This week at CES 2018, AMD announced that their upcoming Ryzen/Vega based APUs and Ryzen+ desktop CPUs will be available in early 2018. Last year at this time AMD was preparing to launch the initial Ryzen CPU based on a newly designed “ZEN” core, promising big leaps in IPC and power savings over the previous generation. They definitely delivered on that promise albeit with a few growing pains. It has taken most of the last year to work out the kinks but that can be expected with a fully overhauled platform.
AMD introduced many new technologies in the ZEN core, DDR4, which was AMD’s first foray into that field. They also introduced SMT (Simultaneous Multi-threading), Precision Boost and XFR, AMD’s version of Intel’s HT (Hyper-threading) and Turbo Boost. There were also a few firsts such as Infinity Fabric used to join two CCX (core compute complexes), along with Smart Prefetch and Neural Net Prediction which are supposed to help your CPU learn and anticipate your applications needs and route data accordingly.
The upcoming Ryzen+ is still based on the original ZEN core with an optical shrink from 14 nm to 12 nm. Being an optical shrink there isn’t a lot of room for actual changes to the design but should, in theory, improve the power requirements and core speeds. AMD is also working on Precision Boost 2 technology which in their words “seeks highest possible frequency from environmental inputs and opens new boost opportunities for real-world workloads.” Much is still unknown about the second Zen core except that it’s supposed to be available for desktop in April this year.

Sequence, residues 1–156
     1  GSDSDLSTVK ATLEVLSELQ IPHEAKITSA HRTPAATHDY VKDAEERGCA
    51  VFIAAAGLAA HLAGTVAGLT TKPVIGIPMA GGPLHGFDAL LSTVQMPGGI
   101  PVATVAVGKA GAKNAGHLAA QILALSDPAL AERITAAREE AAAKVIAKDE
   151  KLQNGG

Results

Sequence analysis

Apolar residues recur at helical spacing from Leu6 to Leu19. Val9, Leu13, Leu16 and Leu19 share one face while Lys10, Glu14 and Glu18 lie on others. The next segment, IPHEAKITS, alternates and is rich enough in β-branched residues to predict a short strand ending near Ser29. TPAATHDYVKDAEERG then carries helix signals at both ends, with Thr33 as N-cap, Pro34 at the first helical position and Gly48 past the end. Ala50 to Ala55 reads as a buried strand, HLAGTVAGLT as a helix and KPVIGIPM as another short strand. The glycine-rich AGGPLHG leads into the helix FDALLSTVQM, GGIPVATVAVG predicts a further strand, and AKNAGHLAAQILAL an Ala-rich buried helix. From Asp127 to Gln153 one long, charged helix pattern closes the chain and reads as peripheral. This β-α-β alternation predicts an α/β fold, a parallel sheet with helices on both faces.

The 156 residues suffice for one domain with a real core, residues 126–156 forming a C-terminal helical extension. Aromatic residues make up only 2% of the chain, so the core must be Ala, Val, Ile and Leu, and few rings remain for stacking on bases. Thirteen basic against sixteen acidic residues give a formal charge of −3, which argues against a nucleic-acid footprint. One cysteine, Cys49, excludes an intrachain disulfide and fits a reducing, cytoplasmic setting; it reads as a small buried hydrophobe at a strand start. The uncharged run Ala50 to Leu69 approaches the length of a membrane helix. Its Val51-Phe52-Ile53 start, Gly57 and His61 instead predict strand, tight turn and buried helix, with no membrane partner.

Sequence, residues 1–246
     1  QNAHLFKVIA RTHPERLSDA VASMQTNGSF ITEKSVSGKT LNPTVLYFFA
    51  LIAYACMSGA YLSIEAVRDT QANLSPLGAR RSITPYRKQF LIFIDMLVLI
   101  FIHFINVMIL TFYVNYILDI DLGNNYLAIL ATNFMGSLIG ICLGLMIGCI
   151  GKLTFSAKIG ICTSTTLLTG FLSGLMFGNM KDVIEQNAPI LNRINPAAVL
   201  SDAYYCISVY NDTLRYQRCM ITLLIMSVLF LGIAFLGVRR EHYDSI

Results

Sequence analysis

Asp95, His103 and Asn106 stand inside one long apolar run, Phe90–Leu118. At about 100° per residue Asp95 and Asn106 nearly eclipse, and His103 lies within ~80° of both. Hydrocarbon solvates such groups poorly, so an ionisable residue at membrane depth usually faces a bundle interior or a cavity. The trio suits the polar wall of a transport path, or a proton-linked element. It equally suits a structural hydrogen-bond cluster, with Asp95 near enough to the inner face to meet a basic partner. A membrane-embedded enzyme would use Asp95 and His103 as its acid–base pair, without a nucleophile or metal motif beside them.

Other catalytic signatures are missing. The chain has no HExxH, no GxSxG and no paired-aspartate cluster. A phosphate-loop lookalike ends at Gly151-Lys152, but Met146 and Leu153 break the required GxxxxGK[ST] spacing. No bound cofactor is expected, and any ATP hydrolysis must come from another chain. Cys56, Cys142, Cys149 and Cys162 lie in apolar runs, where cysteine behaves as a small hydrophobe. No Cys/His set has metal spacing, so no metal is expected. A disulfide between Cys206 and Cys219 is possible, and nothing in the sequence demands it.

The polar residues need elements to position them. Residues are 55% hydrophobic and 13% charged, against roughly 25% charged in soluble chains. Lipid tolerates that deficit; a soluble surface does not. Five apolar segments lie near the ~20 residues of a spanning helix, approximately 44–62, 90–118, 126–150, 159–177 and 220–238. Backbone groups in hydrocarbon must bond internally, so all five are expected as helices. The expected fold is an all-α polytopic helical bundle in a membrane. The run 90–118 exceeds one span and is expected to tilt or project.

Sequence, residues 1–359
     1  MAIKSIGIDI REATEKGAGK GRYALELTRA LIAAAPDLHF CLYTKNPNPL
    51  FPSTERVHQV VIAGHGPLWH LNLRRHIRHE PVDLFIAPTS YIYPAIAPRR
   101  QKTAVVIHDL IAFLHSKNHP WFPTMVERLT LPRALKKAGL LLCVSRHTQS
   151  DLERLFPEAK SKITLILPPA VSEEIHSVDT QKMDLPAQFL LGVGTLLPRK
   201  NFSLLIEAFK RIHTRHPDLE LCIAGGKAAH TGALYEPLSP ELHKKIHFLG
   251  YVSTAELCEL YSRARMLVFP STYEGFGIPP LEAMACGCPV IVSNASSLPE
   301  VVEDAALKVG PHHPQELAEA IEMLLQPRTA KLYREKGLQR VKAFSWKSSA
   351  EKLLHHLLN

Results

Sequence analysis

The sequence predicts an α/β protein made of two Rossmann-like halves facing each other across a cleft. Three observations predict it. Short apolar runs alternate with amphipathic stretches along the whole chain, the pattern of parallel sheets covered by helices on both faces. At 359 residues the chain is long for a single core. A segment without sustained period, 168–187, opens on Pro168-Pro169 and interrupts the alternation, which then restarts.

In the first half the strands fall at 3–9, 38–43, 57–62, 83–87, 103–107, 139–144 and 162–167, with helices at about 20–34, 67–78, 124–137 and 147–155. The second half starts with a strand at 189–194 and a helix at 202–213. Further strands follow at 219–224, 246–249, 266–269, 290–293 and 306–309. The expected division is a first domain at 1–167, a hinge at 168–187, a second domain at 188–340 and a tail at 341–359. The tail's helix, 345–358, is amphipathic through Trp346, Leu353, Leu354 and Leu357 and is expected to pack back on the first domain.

AMD has also stated that the Zen 2 design is complete and according to original schedules should be coming sometime in early 2019, this core is a redesign based on Zen with a die shrink to 7nm. They are also working to bring the Vega GPU down to the 7 nm transistor size but won’t be offering a 7nm Vega desktop graphics card this year. Instead they are releasing a 7nm Vega-based GPU built specifically for machine learning applications.
We do know a bit more about the upcoming APU from AMD based on Ryzen for the CPU portion and Vega cores for the graphics processing. AMD claims it’s the highest performing graphics engine in a desktop CPU. Initially, there are two APUs being released for the desktop PC, the Ryzen5 2400G with a four core, eight thread Ryzen CPU core and the RX Vega11 graphics core. Plus its little brother the Ryzen3 2200G with four core, four thread Ryzen CPU core and the RX Vega8 graphics core. These parts are expected to be available February 12th, 2018. More details on the APUs in the chart below.
Ryzen Desktop Processors with Radeon Vega Graphics
|Model||CPU Cores||Threads||Max Boost (GHz)||Graphics Compute Units||Max GPU Clock (MHz)||L2/L3 CACHE||CTDP (Watts)|
AMD X470 Chipset
Coming alongside the Ryzen+ CPUs is an updated AMD chipset. The 400 series will be compatible with previous Ryzen CPUs and the reverse is true as well, meaning Ryzen+ CPUs will run in 300 series motherboards with a BIOS update. AMD has committed to supporting the AM4 socket up to 2020 which is always welcomed news knowing that each new CPU won’t require a new motherboard. The new 400 series should be less expensive with improvements to USB, improved power delivery, and consumption along with improved memory layout. The new motherboards should roll out with the updated Ryzen processors in April this year.
Overall, this looks to be an exciting year for the red team. AMD has kept a nice momentum through 2017, making inroads in the desktop market and 2018 looks to keep that ball rolling. New APUs in February, Ryzen+ in April and Threadripper refresh in the second half of the year is definitely going to keep the competition on their toes.